Treating Whiplash Injuries is a Team Effort

At our chiropractic clinic, we routinely see individuals who have been involved in motor vehicle accidents and suffered whiplash injuries as a result. Any crash serious enough to cause whiplash is likely associated with significant trauma. When developing a treatment plan, it’s important to consider both the physical and emotional components, which are specific to each patient, and which are best addressed by integrative approaches.

Research studies report a high prevalence of anxiety, depression and post-traumatic stress symptoms along with physical symptoms including headache, arm pain, dizziness and sensory disturbances (Sterling, 2018). It is important to consider how each of these conditions contributes to the big picture, in order to prevent the acute injury from transforming into chronic whiplash, which may cause long-term disability driven by pain and anxiety. Typically, this acute period is defined as 2-3 months post injury, but it can take longer. Naturopathic physician, Dr. Don Selvey, emphasizes the importance of staying in front of the pain during this time window, to avoid chronification (private conversation, 2023). As with other chronic pain syndromes, whiplash victims may develop widespread hypersensitivity to pain (hyperalgesia), and consequently fear of movement (Sterling, 2018).

Abnormal posture and muscle guarding can also exacerbate whiplash injuries. Such problems may respond well to physical therapy with cold laser and interferential stimulation, along with chiropractic manipulation (Dr. Carson Robertson, private conversation, 2023). Corrective exercise is also important. Establishing rapport with the patient is key to recovery, so the patient maintains trust in the process, and is willing to complete home exercises.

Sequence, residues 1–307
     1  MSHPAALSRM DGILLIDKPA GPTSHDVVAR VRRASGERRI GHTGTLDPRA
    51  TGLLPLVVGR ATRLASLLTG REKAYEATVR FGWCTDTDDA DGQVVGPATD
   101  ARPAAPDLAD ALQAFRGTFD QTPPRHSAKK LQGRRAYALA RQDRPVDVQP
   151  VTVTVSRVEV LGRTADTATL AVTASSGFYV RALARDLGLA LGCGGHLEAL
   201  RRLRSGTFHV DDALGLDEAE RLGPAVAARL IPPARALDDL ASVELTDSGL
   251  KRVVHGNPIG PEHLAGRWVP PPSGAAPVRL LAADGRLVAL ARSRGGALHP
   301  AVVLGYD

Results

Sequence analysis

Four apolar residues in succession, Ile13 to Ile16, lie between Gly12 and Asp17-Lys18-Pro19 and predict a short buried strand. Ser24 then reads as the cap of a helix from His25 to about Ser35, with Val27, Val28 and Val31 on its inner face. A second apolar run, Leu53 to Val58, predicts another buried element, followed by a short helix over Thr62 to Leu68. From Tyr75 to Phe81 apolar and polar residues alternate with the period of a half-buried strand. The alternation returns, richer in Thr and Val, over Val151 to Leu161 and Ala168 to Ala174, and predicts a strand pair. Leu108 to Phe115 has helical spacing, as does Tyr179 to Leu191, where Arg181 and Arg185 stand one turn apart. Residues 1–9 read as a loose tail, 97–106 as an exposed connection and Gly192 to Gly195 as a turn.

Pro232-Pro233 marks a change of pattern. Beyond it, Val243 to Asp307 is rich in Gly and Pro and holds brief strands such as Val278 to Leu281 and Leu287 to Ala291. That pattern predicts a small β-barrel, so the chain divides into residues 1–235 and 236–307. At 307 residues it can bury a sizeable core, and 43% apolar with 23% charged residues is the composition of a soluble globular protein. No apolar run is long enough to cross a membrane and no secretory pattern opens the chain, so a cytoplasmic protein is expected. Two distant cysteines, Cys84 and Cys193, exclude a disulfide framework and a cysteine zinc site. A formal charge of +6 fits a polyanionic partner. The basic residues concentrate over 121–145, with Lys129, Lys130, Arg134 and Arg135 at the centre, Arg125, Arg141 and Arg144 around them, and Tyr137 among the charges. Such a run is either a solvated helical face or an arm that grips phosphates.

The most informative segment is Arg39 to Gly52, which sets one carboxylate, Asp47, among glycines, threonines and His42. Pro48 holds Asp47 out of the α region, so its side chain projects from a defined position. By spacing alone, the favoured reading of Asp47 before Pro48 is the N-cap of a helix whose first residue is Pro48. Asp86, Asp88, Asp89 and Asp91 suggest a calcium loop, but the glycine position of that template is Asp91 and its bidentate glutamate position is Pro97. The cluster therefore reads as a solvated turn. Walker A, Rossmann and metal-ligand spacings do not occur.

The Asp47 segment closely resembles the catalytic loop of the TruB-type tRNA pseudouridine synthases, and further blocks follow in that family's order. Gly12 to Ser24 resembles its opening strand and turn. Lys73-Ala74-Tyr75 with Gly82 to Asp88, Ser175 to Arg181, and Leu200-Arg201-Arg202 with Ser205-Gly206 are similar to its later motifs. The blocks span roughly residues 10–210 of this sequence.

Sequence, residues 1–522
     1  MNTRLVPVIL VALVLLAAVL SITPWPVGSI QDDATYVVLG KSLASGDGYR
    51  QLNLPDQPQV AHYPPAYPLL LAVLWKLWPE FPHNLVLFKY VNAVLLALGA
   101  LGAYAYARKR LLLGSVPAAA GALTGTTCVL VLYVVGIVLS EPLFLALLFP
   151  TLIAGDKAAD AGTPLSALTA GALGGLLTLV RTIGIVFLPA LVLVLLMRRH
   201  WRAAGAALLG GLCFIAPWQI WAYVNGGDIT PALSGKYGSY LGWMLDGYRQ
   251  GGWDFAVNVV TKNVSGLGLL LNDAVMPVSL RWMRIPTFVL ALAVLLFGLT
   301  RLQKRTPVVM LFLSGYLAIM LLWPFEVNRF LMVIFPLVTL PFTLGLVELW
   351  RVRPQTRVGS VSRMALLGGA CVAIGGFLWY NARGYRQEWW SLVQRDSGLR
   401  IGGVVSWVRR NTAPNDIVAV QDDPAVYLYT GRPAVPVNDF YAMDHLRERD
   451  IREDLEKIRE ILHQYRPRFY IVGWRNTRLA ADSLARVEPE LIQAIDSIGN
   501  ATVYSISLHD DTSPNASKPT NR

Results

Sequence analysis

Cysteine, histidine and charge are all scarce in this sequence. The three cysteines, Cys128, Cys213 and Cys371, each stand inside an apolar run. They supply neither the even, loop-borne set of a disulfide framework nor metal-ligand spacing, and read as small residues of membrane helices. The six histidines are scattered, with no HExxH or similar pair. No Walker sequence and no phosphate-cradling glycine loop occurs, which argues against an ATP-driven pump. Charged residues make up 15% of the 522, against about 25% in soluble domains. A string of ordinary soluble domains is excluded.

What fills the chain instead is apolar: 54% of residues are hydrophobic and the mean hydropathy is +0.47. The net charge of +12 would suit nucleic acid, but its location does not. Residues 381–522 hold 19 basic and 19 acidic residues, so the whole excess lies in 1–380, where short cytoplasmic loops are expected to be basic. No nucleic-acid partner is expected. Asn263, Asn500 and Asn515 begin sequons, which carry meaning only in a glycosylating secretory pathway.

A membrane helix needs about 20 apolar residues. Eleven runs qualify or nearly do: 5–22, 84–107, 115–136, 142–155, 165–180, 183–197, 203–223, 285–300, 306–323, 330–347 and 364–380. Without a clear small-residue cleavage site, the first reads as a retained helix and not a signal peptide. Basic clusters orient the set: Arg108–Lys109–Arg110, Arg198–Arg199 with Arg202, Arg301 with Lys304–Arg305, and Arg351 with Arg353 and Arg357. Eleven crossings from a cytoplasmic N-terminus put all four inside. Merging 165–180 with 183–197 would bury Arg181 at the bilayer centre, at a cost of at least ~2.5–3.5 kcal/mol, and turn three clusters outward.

Dealing with the emotional component of whiplash can be tricky. In many cases, patients respond well to relaxation strategies such as deep breathing, progressive muscle relaxation and guided imagery. Cognitive behavioral therapy can integrate well into primary care and complimentary alternative medical practices, with brief interventions targeting maladaptive thinking and cognitive restructuring.

However, it is important for practitioners to recognize their limits. Patients suffering from severe trauma may require referral to a specialist, particularly if the patient requires psychoactive medications. In this case, it is important for the referring physician to explain reasons for referral to the patient, to avoid the patient feeling stigmatized, or fearing abandonment by the referring physician (Flor & Turk, 2011). Maintaining contact with the patient throughout recovery reinforces the compassion that is essential to the healing process. Continuity of care is at the heart of what being a medical home is all about.

Leave a Reply

Your email address will not be published.